SURVEY - Do FT / mFT users know the difference from "full frame"? Replies wanted!!

Started Apr 26, 2013 | Discussions thread
Great Bustard Forum Pro • Posts: 41,751

JosephScha wrote:

Great Bustard wrote:

JosephScha wrote:

yes, I do know. I used to actually join in equivalence discussion but gave up when told that despite equal light intensity at the sensor f stops were not equivalent on m43 because total light was less... so wrong.

It's a shame that you can't understand that f/2.8 on mFT puts the same amount of light on the sensor as f/5.6 on FF for a given shutter speed, which, in turn, results in the same noise for equally efficient sensors.

Let's see.  f/2.8 on mFT puts the same amount of light on a 1/4 ff size sensor, which means the light per unit area is quadrupled, compared to f/5.6 on FF.  I get that.  What I don't get is why you and many others care about total light instead of light per unit area.  I read your post "DPR mans up and nails it".

Apologies for not having seen your post until now, which is ironic, 'cause I responded at the tail of the subthread (I often read the tail end of subthreads and skip the posts prior).

To answer your question, the photon noise, which is the dominant source of noise in a photo except for the deep shadows, is a function of the total amount of light that makes up the photo.

A 12MP 4/3 sensor is 4000x3000 light sensitive sights.  If I remember correctly, they are about 4 micro inches square.  An "equally efficient" full frame sensor with the same light sensitive element size, if it's 4x larger, would be about 48MP. But no one makes that.  FF cameras have larger sensor sights, I claim THAT is why they have better dynamic range: because they get more light per sensor element.   More light in total over the sensor I claim does not matter.

By "equally efficient" I mean:

  • Same QE
  • Same read noise / µphoto

The QE is the Quantum Efficiency of the sensor -- the proportion of light falling on the sensor that is recorded.  For example, most modern sensors have a QE of around 50%, which means they record half the light falling on them.

The read noise is the additional noise added by the sensor and supporting hardware.  The "/ µphoto" is "per microphoto", where a microphoto is one-millionth of the photo.  So, for example, we don't compare the read noise of one pixel of a 36 MP sensor to one pixel of a 16 MP sensor, but the aggregate read noise of 36 pixels from a 36 MP sensor to 16 pixels from a 16 MP sensor, as they cover the same are of the photo.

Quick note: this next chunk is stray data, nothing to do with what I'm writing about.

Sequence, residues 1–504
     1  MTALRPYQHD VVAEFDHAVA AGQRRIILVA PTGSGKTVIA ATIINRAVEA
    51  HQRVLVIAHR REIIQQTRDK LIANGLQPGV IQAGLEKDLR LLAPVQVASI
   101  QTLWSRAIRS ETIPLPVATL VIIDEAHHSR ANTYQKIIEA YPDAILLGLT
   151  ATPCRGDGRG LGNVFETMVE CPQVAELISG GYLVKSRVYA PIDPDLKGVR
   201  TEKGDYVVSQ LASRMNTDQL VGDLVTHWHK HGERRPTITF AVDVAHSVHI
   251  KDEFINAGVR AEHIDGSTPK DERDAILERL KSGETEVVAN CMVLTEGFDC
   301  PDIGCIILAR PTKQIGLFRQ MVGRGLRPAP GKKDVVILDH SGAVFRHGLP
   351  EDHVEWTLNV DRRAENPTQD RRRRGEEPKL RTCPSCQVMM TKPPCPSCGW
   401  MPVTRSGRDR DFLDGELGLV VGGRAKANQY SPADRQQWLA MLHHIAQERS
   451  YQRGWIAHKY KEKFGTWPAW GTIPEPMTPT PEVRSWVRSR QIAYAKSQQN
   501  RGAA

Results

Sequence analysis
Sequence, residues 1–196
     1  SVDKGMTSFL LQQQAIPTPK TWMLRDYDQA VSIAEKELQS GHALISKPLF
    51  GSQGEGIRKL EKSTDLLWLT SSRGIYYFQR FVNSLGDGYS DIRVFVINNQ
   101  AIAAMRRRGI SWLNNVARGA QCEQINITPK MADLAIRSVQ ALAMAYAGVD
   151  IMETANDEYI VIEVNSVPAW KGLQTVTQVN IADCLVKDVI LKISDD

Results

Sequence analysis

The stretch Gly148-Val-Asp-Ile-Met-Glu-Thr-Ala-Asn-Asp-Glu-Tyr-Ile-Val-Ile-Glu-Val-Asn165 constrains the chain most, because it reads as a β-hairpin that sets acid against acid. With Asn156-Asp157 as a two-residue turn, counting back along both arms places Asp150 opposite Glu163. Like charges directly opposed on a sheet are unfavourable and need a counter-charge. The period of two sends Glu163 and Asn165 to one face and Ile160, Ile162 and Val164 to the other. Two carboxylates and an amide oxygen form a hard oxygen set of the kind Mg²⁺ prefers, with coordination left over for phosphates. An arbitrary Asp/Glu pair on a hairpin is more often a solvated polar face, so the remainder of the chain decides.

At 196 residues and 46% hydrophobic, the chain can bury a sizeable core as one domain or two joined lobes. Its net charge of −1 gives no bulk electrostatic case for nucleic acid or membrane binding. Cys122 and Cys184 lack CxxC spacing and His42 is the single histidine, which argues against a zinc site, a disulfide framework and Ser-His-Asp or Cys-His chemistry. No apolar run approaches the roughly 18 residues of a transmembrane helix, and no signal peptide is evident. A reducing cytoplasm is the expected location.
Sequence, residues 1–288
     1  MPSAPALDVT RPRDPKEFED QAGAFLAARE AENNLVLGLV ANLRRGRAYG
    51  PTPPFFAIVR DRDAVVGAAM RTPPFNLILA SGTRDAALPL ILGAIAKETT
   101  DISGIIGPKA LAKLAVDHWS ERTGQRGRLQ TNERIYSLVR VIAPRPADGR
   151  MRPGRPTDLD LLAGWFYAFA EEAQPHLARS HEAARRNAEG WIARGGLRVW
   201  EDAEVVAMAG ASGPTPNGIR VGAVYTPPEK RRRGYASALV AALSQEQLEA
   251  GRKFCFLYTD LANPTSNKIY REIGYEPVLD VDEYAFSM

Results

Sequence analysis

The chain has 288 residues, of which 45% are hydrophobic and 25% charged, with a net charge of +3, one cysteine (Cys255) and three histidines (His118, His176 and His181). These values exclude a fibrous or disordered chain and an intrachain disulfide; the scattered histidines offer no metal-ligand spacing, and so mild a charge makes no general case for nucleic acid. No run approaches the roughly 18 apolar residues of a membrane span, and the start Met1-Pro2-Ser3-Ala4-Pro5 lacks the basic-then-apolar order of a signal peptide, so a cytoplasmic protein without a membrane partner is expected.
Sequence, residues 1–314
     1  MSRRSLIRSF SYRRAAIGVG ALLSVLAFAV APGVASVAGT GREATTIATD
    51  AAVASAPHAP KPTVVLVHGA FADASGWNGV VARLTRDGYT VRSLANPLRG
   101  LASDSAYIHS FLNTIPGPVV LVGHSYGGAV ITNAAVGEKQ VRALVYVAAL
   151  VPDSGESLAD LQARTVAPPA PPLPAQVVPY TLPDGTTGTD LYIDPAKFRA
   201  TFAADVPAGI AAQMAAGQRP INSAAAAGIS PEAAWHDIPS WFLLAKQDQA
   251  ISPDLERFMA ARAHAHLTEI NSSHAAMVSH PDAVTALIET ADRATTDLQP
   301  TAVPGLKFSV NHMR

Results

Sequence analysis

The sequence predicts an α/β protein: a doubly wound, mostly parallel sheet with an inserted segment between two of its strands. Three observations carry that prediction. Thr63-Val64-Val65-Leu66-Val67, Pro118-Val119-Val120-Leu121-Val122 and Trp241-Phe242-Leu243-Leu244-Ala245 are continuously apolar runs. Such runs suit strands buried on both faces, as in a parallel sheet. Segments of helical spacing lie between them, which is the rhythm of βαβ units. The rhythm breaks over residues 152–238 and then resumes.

As a thought experiment, let's assume that Nikon goes nuts and decides to make a 256MP FF sensor.  The photo sites would be tiny - much smaller than m43. Even at the same f/stop, there is less light falling on each of those small photo sites than on a 16MP m43 sensor's photo slites.   Would you still claim that that FF sensor will have better dynamic range than an m43 sensor because in total it receives more light?  Or will it have less because each photo sensor receives far less light?

Now we'd be comparing 256 of those pixels from the 256 MP sensor to 16 pixels on the 16 MP sensor.  QE doesn't seem to be affected by pixel size at all.  The issue, then, is read noise, which can vary considerably from sensor to sensor, regardless of sensor size or pixel count, as well as the ISO setting.

Obviously, I think the latter (less dynamic range because less light at each photo site).  I suppose in software you could average pixels together, to compensate ... but why would you have to do that if it's total light on the sensor that matters?  I think it's light on each photo site that matters.  I think it is just too simple to say f/2.8 on mFT is "equaivalent" for noise to f/5.6 on FF for a given shutter speed.

We compare the IQ of photos area for area, not pixel for pixel.

But what REALLY bothers me about saying f/2.8 on mFT is "equivalent" to f/5.6 on FF is that is misleads too many people who somehow think this talks about exposure.  I think the more important point is that at the same ISO, and the same shutter speed, f/2.8 on mFT gives the same exposure as f/2.8 on any other sized sensor.  This does not consider dynamic range effects.

The problem is that exposure is irrelevant in cross-format comparisons -- it's the total amount of light that made up the photo that matters.

I used to have a pany FZ7 with a 1/2.5" sensor that had pretty poor dynamic range and egregious noise at is 200.

That's because so little light fell on the sensor compared to larger sensor systems for a given exposure.

Well... you must know I think it's because very little light fell on each of the very tiny photo sites on that 6MP teeny sensor.  Given the same total light, I'll bet a 1MP sensor (which wouldn't have been a sellable product) would have had significantly better dynamic range, because each photo site would collect a lot more "signal" (photons).  Dynamic range is basically signal to noise ratio.

You would lose that bet.  For example, which camera has a greater DR, the D800 or the D600?

I was looking for a similar size and weight camera with better image quality and m43 fit my needs. ...

Makes perfect sense.


I honestly do look forward to your reply.  I want to understand why total light on the sensor means more than light per photo site, which if photo sites are the same size on the sensors being compared means we can compare light per unit area.

Read this:

It answers all of that.

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